it's certainly not my list. While I wouldn't call it parochial, I would say that a lot of the books are the kind that were assigned to be read in school, which indicates a kind of incurious reader to me. Misspelling Nathanael West's name (as Nathaniel), and including two books each by Philip Roth, John Le Carre, Richard Ford and John Updike doesn't help to convince me otherwise.
But truly astonishing is the fact that only seven books by women make the list. And number 100 — Nicole Krauss' "A History of Love" — was published in 2005, so it doesn't even belong in a list that spans 1900-2000. Which would cut down the number of female authors to six.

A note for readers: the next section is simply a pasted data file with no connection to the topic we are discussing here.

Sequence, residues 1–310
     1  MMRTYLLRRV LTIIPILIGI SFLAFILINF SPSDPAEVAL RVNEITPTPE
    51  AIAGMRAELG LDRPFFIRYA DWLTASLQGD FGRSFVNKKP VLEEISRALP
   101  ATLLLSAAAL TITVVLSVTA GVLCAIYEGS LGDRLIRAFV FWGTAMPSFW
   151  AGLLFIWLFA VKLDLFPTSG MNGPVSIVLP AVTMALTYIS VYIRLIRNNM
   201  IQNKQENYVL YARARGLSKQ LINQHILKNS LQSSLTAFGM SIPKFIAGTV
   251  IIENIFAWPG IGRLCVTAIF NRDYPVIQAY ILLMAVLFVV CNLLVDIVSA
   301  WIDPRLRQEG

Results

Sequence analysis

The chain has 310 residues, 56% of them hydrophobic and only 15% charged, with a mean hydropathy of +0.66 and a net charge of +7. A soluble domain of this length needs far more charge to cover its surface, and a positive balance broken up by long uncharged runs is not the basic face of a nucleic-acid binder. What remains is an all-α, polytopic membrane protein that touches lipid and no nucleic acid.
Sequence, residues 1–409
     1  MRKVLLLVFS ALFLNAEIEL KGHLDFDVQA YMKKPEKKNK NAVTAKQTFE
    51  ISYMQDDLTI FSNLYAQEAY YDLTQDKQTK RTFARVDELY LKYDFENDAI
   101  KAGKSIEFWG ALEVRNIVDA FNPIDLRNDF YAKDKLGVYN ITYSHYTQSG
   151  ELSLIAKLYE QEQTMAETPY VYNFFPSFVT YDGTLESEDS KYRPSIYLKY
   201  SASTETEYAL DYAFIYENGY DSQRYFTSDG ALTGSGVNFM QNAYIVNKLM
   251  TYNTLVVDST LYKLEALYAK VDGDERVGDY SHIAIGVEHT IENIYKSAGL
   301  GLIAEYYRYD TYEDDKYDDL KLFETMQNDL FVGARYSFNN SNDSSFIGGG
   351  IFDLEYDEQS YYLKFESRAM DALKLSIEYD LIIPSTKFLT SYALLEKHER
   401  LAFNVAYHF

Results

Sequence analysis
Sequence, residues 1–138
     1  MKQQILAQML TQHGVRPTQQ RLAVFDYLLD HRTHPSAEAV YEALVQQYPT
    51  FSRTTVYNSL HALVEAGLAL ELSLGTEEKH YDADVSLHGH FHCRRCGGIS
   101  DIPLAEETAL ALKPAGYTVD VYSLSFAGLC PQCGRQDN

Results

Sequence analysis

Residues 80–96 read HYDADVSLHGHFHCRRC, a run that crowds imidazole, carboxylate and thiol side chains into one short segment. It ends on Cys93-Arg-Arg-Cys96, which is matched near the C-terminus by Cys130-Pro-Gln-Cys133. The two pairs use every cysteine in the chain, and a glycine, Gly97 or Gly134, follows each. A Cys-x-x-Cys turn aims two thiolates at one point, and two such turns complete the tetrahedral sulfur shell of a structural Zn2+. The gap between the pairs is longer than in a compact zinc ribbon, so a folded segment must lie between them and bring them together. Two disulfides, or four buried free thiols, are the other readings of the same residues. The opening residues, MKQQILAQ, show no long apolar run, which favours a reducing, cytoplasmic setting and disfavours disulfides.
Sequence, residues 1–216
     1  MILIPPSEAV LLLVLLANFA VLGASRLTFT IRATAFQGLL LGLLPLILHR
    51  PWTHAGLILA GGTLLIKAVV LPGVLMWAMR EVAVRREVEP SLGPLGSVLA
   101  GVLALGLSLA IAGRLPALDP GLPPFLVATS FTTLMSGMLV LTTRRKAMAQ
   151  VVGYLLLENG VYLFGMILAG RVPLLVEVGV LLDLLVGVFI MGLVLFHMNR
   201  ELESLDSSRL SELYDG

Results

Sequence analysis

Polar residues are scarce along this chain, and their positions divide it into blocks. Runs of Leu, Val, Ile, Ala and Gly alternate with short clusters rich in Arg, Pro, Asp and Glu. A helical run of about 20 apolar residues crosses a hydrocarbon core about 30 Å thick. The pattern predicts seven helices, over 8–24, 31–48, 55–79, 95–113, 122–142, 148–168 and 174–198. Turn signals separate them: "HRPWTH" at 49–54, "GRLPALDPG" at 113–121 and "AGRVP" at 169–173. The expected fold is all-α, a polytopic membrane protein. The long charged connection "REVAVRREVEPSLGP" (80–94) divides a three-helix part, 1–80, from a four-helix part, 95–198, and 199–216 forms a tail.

This nonsense is why the Radcliffe list is so awesome and fun.
Previously in this category:
National Book Award: Testosteroney
Anti-feminist book critics review feminist works
Times' Gender ratio improves
Pulitzers: kinda testosteroney